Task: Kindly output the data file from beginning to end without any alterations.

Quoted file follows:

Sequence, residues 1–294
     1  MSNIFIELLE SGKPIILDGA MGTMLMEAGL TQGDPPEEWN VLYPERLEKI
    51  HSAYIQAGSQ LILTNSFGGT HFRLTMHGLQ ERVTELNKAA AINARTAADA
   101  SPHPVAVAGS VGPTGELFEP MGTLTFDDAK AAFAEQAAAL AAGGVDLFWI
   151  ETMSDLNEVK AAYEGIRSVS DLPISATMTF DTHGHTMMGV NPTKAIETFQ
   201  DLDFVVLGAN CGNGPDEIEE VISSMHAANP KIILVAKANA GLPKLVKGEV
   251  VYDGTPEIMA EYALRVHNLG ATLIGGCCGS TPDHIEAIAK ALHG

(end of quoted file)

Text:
Sequence, residues 1–294
     1  MSNIFIELLE SGKPIILDGA MGTMLMEAGL TQGDPPEEWN VLYPERLEKI
    51  HSAYIQAGSQ LILTNSFGGT HFRLTMHGLQ ERVTELNKAA AINARTAADA
   101  SPHPVAVAGS VGPTGELFEP MGTLTFDDAK AAFAEQAAAL AAGGVDLFWI
   151  ETMSDLNEVK AAYEGIRSVS DLPISATMTF DTHGHTMMGV NPTKAIETFQ
   201  DLDFVVLGAN CGNGPDEIEE VISSMHAANP KIILVAKANA GLPKLVKGEV
   251  VYDGTPEIMA EYALRVHNLG ATLIGGCCGS TPDHIEAIAK ALHG